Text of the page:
The recent election in Venezuela, which saw the Washington-friendly opposition candidate call for street protests after denouncing the election results (without sufficient proof), serve as a tangible parallel to what could happen in Malaysia.

If Pakatan loses by a hair, its cries will be given ample coverage in the international media, which has long slanted in Anwar’s favour.

Once the dust settles, Najib must use his mandate to act; otherwise he will face louder and angrier voices. Although the government is widely perceived to be out of touch, it is obviously very familiar with popular grievances.

It should be acknowledged that Najib inherited his position, and if he is allowed to form his own administration with a popular mandate, he has the advantage of stability to continue the issuance of popular reforms in a timely fashion, provided he has the political will to do so.

Najib will have to make meaningful reforms in the four main areas mentioned above: elite corruption, citizen equality, freedom of expression, the rising cost of living. Failure to do so would put him on unstable political ground.

Many have argued that the BR1M scheme equates to vote buying; the real test of Najib’s populist policies will be whether these handouts continue and how they are implemented more productively with respect to expanding programmes of social uplift.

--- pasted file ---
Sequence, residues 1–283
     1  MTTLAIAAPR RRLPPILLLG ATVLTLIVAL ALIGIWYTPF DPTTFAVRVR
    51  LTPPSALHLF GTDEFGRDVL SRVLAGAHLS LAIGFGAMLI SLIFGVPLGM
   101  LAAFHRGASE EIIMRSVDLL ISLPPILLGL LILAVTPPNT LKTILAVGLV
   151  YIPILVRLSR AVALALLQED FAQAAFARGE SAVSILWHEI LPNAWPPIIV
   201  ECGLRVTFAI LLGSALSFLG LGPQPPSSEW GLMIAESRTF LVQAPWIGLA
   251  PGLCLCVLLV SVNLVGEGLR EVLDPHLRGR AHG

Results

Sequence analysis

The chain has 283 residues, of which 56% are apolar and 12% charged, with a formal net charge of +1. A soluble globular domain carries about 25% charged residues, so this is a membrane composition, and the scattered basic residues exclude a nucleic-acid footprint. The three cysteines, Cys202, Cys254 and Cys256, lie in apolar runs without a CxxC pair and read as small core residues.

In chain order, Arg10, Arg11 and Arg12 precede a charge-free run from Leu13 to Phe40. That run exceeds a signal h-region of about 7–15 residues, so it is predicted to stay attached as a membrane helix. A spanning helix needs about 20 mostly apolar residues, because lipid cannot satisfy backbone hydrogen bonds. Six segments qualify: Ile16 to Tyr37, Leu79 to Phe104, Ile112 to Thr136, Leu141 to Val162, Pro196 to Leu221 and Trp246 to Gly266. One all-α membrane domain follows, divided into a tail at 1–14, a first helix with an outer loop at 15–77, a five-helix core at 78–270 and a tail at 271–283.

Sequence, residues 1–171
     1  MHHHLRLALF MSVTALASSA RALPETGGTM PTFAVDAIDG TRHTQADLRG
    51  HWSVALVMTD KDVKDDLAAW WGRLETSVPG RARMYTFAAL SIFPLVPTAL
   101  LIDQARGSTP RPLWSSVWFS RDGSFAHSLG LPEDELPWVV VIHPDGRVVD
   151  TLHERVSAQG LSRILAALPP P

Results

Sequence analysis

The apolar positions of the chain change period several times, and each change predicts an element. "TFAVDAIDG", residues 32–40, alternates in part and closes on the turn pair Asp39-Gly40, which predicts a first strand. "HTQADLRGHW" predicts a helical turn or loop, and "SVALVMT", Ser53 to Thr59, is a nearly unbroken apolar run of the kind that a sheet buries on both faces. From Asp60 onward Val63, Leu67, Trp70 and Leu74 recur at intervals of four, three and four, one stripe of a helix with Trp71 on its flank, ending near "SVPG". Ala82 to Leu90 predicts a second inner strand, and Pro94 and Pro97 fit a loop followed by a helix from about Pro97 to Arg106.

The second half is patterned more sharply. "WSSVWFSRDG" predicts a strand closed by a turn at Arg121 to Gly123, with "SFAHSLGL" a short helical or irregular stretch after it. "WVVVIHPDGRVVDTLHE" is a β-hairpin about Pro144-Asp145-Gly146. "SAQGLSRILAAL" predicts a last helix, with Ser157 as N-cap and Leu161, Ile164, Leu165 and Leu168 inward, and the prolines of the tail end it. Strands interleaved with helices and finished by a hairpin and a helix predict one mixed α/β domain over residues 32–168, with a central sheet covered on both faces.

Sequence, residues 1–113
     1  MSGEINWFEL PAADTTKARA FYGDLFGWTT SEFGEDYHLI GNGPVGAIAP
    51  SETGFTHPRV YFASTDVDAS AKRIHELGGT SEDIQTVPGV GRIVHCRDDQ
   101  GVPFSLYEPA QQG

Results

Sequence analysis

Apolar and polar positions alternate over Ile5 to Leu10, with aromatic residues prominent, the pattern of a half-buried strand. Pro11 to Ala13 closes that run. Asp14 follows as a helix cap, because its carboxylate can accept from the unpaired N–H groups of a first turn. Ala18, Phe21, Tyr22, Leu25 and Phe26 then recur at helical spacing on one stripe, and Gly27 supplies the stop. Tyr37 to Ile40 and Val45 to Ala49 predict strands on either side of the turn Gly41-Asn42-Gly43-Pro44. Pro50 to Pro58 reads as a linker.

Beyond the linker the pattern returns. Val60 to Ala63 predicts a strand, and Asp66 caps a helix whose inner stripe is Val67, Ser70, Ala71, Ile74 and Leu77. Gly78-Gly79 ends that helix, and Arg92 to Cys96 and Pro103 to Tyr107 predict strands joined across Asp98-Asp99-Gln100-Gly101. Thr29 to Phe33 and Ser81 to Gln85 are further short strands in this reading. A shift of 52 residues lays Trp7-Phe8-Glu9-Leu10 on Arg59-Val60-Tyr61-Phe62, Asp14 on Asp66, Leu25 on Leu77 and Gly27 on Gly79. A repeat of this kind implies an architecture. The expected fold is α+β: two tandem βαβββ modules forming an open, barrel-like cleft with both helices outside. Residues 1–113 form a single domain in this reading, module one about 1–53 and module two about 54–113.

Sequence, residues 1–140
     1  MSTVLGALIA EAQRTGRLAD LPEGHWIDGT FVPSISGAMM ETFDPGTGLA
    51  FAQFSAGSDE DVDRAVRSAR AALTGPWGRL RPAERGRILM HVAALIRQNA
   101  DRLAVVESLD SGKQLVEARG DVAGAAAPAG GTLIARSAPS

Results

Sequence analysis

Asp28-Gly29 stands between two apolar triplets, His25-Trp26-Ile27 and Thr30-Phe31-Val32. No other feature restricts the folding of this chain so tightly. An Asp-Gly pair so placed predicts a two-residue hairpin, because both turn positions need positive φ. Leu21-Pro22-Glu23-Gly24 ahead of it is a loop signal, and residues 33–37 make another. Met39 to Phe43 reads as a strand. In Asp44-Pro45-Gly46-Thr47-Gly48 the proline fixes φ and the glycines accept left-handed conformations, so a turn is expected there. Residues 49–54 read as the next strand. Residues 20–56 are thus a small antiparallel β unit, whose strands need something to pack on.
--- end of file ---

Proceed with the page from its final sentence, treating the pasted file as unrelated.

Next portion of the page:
These policies should mature into programmes that impart skills to low-wage earners and programmes that offer greater welfare and educational opportunities to the poor.

“Najib’s era” will only be recognised as noteworthy in the pages of history if he is brave enough to pass zero-tolerance anti-corruption legislation, grant dissident voices greater space in mainstream media, and boldly facilitate more effective platforms for expression and national integration.

We all want change

Malaysia has achieved so much since 1957. For one of the most ethnically complex societies in the world, Malaysia’s leadership has ensured more equality, social freedom, and stability than the opposition would like to concede.

Although the Muslim Malays are the majority, the nation’s minority groups are very well-represented in the middle and upper income-earning brackets. They are not obstructed from practising their culture and religion, from being educated in their mother-tongue, and from pursuing their own education or economic livelihoods.

Greater equality should be the goal of whoever takes Putrajaya, and it should be acknowledged that safeguarding race relations is itself a difficult balancing act.

Pakatan-led states (perhaps with the exception of Penang in some areas) have no major victories under their belts, and PAS’s 22-year rule over Kelantan has yielded nothing worth boasting about.

Malaysia not only needs a government that will response meaningfully to popular grievances, but one that is moderate, committed to economic development, the expansion of infrastructure, and making higher quality education available to all.

Nile Bowie is a Malaysia-based political analyst and a columnist with Russia Today. He also contributes to PressTV, Global Research, and CounterPunch. He is unaffiliated with any political party and can be reached at nilebowie@gmail.com.